All eyes are on Georgia GOP Sens. David Perdue and Kelly Loeffler after President Trump slammed Congress over the latest coronavirus relief bill, a stunning move that comes two weeks before the state’s Senate runoffs.
Trump on Tuesday night released a video railing against the COVID-19 relief package passed by the House and Senate, calling on lawmakers to increase the amount of stimulus checks sent to Americans from $600 to $2000. While Trump did not directly threaten to veto the package on Tuesday, if he does not sign it by Monday at midnight, the government will shut down and several key unemployment benefits will expire.
Now, pressure is on Loeffler and Perdue to back Trump after the two candidates touted their support for the relief aid and accused Democrats of obstructing a deal.
Their Democratic opponents were quick to endorse Trump’s call for more aid. Perdue’s rival, Jon Ossoff, on Tuesday night labeled the $600 stimulus checks a “joke.”
“I urged the United States Congress to pass additional direct stimulus payments of $2,000 to every American right now,” Ossoff said.
Meanwhile, Loeffler’s opponent, the Rev. Raphael Warnock, used the opportunity to take aim at the Republican candidate.
“Billionaire Kelly Loeffler thinks $600 will cover your rent, groceries, and hospital bills,” he tweeted on Tuesday night.
The next day, Warnock went even further. “Donald Trump is right, Congress should swiftly increase direct payments to $2,000,” he said in a statement. “Once and for all Senator Loeffler should do what’s best for Georgia instead of focusing on what she can do for herself.”
Loeffler on Wednesday said she would consider supporting Trump’s move to increase the stimulus checks.
“I certainly support redirecting any wasteful spending to be very targeted at families and businesses who have been impacted by this virus through no fault of their own,” Loeffler told reporters.
“I’ll certainly look at supporting it if it repurposes wasteful spending toward that, yes,” she added, when asked whether she would support direct payments of $2,000.
Perdue has not yet responded publicly to Trump’s calls for more stimulus aid. His office did not respond to a request for comment from The Hill.
The latest development came shortly after the Republican senators postponed their campaign events on Monday with the president’s daughter Ivanka to rush back to Washington to vote in favor of the $2.3 trillion package, which includes $900 billion in coronavirus relief and $1.4 trillion to fund the government until October.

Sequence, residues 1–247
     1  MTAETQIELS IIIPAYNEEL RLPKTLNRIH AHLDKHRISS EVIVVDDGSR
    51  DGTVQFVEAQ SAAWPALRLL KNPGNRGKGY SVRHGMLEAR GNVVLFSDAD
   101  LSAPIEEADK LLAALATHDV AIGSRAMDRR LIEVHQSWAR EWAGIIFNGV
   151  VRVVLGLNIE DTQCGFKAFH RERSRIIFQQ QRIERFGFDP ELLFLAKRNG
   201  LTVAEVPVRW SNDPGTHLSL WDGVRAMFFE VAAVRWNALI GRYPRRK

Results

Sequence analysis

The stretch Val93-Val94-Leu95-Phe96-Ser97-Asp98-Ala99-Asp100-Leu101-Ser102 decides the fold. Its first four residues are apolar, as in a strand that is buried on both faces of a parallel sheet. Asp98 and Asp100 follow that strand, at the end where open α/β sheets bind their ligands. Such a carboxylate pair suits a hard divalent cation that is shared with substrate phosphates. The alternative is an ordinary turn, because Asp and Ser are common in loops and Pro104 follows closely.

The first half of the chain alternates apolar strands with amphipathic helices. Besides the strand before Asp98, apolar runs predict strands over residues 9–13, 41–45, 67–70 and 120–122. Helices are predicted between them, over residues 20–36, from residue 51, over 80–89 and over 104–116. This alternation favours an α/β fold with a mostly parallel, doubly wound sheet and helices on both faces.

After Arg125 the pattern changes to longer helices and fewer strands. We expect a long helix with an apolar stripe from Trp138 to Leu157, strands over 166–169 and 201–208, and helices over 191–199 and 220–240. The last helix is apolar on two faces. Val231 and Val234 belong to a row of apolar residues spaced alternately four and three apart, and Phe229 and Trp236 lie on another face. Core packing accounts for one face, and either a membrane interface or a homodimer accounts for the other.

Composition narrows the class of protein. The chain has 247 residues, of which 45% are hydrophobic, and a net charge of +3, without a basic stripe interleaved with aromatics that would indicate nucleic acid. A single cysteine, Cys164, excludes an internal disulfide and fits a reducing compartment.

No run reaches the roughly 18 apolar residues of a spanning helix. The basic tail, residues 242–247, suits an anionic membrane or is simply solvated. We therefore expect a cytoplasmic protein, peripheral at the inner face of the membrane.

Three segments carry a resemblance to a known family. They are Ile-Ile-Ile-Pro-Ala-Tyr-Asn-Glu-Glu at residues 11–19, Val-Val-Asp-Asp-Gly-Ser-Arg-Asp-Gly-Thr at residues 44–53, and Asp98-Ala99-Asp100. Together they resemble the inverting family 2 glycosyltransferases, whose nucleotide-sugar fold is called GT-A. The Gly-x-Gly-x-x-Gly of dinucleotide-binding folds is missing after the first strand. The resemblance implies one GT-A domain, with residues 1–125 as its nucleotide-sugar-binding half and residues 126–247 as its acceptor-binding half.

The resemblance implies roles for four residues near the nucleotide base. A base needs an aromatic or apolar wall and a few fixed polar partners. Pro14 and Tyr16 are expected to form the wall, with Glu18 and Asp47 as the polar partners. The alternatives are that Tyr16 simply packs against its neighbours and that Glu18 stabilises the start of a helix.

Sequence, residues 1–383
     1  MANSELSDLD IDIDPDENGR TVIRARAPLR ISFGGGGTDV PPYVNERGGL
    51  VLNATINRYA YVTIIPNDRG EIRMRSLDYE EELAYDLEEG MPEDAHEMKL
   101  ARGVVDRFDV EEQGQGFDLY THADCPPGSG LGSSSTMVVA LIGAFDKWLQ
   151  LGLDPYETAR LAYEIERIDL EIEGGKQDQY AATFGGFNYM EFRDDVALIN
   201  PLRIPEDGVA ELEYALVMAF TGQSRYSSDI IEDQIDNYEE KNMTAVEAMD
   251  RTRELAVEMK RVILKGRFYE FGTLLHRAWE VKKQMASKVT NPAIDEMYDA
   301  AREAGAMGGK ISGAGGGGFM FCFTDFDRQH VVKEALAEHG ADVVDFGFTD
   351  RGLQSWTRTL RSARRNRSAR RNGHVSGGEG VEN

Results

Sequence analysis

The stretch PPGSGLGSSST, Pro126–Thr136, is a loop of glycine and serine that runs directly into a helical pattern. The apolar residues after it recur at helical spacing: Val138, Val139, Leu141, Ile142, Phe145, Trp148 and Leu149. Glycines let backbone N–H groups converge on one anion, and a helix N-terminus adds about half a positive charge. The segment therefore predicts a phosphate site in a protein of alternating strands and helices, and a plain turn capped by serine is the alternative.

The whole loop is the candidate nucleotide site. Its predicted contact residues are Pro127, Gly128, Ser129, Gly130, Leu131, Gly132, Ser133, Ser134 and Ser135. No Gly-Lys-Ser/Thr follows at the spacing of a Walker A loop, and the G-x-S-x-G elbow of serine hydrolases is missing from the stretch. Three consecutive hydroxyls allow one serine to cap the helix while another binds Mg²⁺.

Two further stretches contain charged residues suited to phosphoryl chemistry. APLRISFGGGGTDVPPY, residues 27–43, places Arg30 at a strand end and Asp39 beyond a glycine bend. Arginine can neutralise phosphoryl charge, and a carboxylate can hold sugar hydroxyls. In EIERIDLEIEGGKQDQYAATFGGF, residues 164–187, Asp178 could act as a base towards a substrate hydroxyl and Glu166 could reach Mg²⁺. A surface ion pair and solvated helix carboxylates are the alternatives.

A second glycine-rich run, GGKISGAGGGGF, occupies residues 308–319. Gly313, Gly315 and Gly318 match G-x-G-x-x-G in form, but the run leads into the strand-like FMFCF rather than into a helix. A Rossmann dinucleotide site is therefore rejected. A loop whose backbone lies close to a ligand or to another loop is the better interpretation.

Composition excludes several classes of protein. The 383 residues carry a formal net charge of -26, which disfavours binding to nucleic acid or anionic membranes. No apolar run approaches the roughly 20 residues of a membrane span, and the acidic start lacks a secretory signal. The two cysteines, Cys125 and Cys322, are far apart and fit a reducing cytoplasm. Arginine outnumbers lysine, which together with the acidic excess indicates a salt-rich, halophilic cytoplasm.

Ossoff and Warnock had already hit their GOP rivals over the issue of direct payments during stimulus negotiations. CNN reported last week that a source overheard Senate Majority Leader Mitch McConnell (R-K.Y.) noting the attacks on Loeffler and Perdue.
“Kelly and David are getting hammered,” McConnell reportedly said on a call with GOP senators.
Polls show a tight race unfolding in the Peach State, giving the candidates no room for error. The Real Clear Politics polling average shows Perdue leading Ossoff by one point, while Loeffler leads by 0.8 of a percentage point.
Trump’s move puts Loeffler and Perdue in a difficult spot. The senators have run on their close ties to Trump, suggesting it would be in their best political interest to side with him. But calls for larger direct payments have met with opposition from members of their own party in the past.
Republican strategists say that the president’s influence within the GOP will make it difficult for anyone in the party to go against him.
“They can’t cross the president on this,” said Republican strategist Doug Heye, referring to Loeffler and Perdue. “That’s where they’ll fall, where Republicans always fall because they’re scared not to.”
“If agreeing with Donald Trump means different things at noon and 6 p.m., well that’s just reality,” he added.
Chuck Clay, a former state GOP chairman and current attorney at Hall Booth Smith, said Trump’s move gives Loeffler and Perdue room to support a re-worked relief bill and larger stimulus checks.
“As a political move, it is excellent timing,” said Chuck Clay, a former state GOP chairman and current attorney at Hall Booth Smith. “Trump has Trumped everybody.”
“It would be a very popular move for working families,” he continued. “That’s real money. That’s the kind of influx into the economy, were they able to get this done, that would really be seen.”